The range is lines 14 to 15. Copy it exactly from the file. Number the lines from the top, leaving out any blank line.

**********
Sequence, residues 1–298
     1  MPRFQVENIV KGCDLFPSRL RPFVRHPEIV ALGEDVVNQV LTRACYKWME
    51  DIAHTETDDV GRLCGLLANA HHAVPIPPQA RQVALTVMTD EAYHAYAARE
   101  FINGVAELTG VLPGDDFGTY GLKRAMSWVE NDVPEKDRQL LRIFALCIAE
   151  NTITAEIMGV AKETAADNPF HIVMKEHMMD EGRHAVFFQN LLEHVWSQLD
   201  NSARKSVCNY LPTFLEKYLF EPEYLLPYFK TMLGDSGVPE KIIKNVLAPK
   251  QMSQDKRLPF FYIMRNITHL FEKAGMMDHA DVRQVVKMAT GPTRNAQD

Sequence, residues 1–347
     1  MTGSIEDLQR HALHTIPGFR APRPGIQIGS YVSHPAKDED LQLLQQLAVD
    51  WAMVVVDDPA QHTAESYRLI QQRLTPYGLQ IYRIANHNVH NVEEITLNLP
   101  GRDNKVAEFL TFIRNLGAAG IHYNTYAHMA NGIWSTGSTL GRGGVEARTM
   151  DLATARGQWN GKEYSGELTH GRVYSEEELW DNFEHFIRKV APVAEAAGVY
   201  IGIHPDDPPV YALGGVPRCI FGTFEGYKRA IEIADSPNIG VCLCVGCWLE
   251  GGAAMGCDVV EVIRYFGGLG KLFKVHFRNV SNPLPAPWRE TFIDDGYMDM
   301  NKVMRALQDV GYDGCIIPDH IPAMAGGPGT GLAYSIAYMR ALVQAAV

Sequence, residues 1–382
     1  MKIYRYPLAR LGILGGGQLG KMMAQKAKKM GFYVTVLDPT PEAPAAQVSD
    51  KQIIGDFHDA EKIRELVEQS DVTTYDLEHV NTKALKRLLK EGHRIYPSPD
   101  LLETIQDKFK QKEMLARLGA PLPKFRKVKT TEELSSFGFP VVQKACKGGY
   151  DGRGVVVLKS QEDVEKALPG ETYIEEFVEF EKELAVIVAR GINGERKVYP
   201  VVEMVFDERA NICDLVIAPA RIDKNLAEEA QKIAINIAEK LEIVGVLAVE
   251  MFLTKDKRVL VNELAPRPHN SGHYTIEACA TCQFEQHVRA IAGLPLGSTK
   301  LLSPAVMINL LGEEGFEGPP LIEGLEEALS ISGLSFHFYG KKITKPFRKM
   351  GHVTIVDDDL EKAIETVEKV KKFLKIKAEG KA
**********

   251  GGAAMGCDVV EVIRYFGGLG KLFKVHFRNV SNPLPAPWRE TFIDDGYMDM
   301  NKVMRALQDV GYDGCIIPDH IPAMAGGPGT GLAYSIAYMR ALVQAAV